Each of the four parts is subdivided into sections, which carry out the work of analysis almost as separate units. Since it is the mandala which organizes the presentation, not chronology, geography, or any other parameter, this means that the same writers may appear in different parts of the book, and that they can be combined in whichever way Dolzani deems adequate. The Productions of Time allows itself to mobilize not only the whole of Western literary tradition, but also all of the world’s mythology and mass culture to boot. Taking a page at random, one finds mention, in this order, of Kafka’s Gregor Samsa; Blake’s Four Zoas; the films The Texas Chainsaw Massacre, Saw, and Hostel; Roman circus; Elizabethan and Jacobean drama; Titus Andronicus and King Lear; Lynch’s Blue Velvet; Dante’s Inferno; and Lord Dunsany’s “Two Bottles of Relish”(156). The book is full of interesting insights, and Dolzani’s erudition is stunning in the process of adducing examples and suggesting connections to embody the mandala’s movement; there is, however, a serious formal flaw in the argument, inasmuch as each subsection offers an ad libitum choice of artifacts for analysis. Since there is no closed set from which examples can be adduced, since strictly speaking there is no corpus, but rather everything that has been written or orally transmitted, the result is a highly subjective arrangement, which proves to be an artificial selection leading to superficial interpretations. An unsympathetic reader would have no difficulty thinking of a myriad of counter-examples for every argument Dolzani formulates. Ultimately, one learns more about the author’s yearning to make sense of it all than about the world, humanity, cultural production, or any other grand structure of meaning.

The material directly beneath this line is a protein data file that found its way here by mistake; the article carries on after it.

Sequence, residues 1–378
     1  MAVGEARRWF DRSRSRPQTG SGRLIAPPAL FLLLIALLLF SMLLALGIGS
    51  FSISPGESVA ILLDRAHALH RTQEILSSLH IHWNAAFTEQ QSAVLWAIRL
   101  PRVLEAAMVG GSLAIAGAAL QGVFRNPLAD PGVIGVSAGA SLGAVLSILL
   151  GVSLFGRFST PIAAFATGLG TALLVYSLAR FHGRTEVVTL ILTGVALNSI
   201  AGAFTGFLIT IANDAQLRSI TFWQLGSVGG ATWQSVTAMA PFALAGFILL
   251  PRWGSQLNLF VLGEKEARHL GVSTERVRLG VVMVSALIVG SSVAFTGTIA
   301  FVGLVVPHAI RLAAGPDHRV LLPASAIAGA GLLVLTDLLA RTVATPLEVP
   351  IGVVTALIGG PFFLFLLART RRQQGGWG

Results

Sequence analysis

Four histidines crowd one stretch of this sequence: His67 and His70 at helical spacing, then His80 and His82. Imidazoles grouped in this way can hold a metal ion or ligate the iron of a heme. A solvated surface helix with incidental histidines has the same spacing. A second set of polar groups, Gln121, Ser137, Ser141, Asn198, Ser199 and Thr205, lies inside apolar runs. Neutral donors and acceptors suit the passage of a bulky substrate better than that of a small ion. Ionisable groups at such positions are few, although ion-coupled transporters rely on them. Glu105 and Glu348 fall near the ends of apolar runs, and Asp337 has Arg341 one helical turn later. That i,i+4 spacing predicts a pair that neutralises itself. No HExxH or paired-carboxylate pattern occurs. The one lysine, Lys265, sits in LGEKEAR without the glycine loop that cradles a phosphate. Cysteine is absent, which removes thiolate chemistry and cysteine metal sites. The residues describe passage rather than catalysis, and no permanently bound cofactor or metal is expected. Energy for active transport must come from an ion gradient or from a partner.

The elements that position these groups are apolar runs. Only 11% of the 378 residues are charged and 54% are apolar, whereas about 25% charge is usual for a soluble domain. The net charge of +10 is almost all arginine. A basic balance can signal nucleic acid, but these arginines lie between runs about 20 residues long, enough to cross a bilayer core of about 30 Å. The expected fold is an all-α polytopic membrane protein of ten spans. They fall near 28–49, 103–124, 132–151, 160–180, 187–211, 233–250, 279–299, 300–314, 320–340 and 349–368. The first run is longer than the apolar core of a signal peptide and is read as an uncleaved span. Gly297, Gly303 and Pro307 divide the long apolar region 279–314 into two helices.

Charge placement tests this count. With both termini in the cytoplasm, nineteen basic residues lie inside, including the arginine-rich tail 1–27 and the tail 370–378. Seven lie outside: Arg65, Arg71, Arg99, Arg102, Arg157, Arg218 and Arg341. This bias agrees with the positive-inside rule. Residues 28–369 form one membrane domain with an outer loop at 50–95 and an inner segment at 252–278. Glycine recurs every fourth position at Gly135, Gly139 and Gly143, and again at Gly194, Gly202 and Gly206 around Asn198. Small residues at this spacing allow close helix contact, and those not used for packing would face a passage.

The other positive aspect of The Productions of Time is its willingness to participate in current debates by way of a critique of poststructuralism, which is rightly considered to be in crisis. But since the remarks on Derrida & Co. are subsumed under the mythical frame, the confrontation is always too fast and never receives enough space. Furthermore, poststructuralism is treated as a monolith, its internal differences and tensions being consistently silenced in the text. The purpose of this settling of accounts is to reach universality, something literary criticism has lost: “It may therefore be time for those of us in literary and cultural studies to retool our rhetoric. The idea that we are in all this together, that we are all interconnected, may be due for a new hearing” (18). How this ambition is frustrated in the text can be noted by the way the pronoun “we” functions in it. By the project’s logic, it should be able to encompass us all, but by the way it is used in the book it expresses the opposite. Phrases like “as we can see” do not address the reader, but on the contrary work as a compositional device to join objects and claims proposed by the author. “We” is a purely rhetorical, empty signifier.
As for the analytical categories, I have three short observations. First, they are far from neutral and already bring in themselves the content that they were supposed to find in the object. The Fall is not a concept that can go without saying, but must be questioned as highly culturally specific. Second, the book wishes away fundamental philosophical problems: the subject-object split cannot be revoked at will, because it is constitutive even for that thinking which proposes their union. Third, “time” in the book’s plot is not a character, for it does not bring about change; rather, it works as a backcloth in which eternity manifests itself.
To conclude, then, The Productions of Time stages a sad dialectical reversal. That which started as an attempt to reach the utmost degree of universality approaching the human imagination as such, and thus furnishing the means to the reunification of critical discourse, ends up as a whimsical, idiosyncratic, and in the last instance sterile exercise evincing more than anything the hollow supremacy of the subject.